26-05-2022 | | By Robin Mitchell
As transistor sizes continue to shrink, Samsung is expected to be the first foundry to roll out 3nm devices. What advantages does transistor size reduction provide, what technology drives Samsung’s new process, and when will 3nm be available to the public?
Ever since the development of the first electronic components, researchers and engineers alike have strived to reduce the size of electronic parts as much as physically possible. The most obvious advantage to making electronic components smaller is that it allows for designs to be made smaller or for more complex designs to be constructed in the same space. The same applies to semiconductors; by reducing the size of transistors, more transistors can be integrated onto the same area, allowing for more processors, hardware accelerators, and control circuits to be integrated.
However, there are additional advantages to reducing the size of transistors that are somewhat unique to semiconductors. Unlike capacitors and resistors, shrinking the size of transistors minimises the amount of power consumed using smaller switching currents and smaller gate voltages. Furthermore, these smaller voltages and physical sizes also allow for higher operating frequencies, which is especially advantageous for improving single thread processing (i.e., greater instruction throughput).
As such, the latest silicon technologies are generally geared toward processors that rely on either large core counts or low energy operation. It is rare to find standard off-the-shelf microcontrollers, sensors, or bus controllers using such technology as it is unnecessary.
It is no secret that semiconductors are by far the most advanced device manufactured by mankind, and the equipment needed to produce such devices surpasses that of many research facilities in complexity and price. It is also well known that the extreme complexities involved come with significant risk, and semiconductor manufacturers are now regularly facing delays and challenges never seen before. As such, semiconductor foundries are often highly secretive of their research, their capabilities, and the services that they provide.
Samsung is one of the very few semiconductor manufacturers capable of producing state-of-the-art semiconductors, and their recent announcement of 3nm production has the engineering world excited. While large portions of their capabilities are kept from the general public, general statistics on power consumption and transistor technology being deployed have been released.
Firstly, Samsung’s new 3nm process will utilise Multi-Bridge Channel Field Effect Transistors (MBCFET), which are gate-all-around transistors using nanosheets instead of nanowires. The use of a gate-all-around not only allows for physically smaller transistors but also provides better switching characteristics as the channel is entirely surrounded by the gate. Furthermore, the use of nanosheet layers for the channel allows for precise control over dimensions, resulting in less variation between identical transistors.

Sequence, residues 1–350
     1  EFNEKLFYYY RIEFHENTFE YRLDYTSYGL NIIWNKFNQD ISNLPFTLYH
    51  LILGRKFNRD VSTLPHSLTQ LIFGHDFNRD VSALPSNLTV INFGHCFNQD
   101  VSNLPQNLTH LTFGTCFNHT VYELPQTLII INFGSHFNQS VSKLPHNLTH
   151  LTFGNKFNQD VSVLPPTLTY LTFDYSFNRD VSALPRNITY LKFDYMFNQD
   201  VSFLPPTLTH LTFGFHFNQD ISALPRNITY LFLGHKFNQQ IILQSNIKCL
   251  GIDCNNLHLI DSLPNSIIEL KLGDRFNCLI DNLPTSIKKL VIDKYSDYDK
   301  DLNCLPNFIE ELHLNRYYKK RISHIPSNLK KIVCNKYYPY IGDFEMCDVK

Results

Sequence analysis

Secondly, the transistor gate pitch has been reported to be 40nm with an interconnect pitch of 32nm. While the technology may be called 3nm, it should be understood that this will refer to a specific feature (such as the width of the channel or the width of the gate). To ensure that transistors do not interfere with each other, gates and channels have to be separated by some distance.
Thirdly, Samsung released generic numbers regarding the improvements provided by 3nm compared to 7nm process technologies. According to Samsung, their 3nm node reduces power consumption by 50%, improves overall device performance by 30%, and reduces the total semiconductor area by 45%. Regarding transistor density, it is expected that the new node will allow for 202 million transistors per mm2.
Currently, 3nm is still in the research stages, but it is expected that risk production will begin in 2022. During this stage, commercial devices are manufactured, but customers are made aware of production risks that are not currently known. Once risk production has been done (proving the manufacturing process), it will then be released for all designs (most likely to happen between 2023 and 2024).
One risk that stands out with the new 3nm node is using a new transistor topology. Older improvements in transistor node would often use the same design style (such as 20nm FinFET to 14nm FinFET), and the risks associated with such a design and the equipment used to manufacture these designs is generally well understood. However, Samsung moving to a GAA transistor topology will see Samsung require drastically new manufacturing techniques. While these may be reproducible under laboratory conditions, it could be a very different scenario when trying to create entire wafers for mass production.
The new 3nm technology demonstrated by Samsung presents exciting new possibilities in the field of semiconductor design, and the use of GAA transistors will usher in a new generation of low-energy high-performance processors. But will the first batches of 3nm devices be successful, and if they are, will their yield provide customers with a profitable solution? Only time will tell.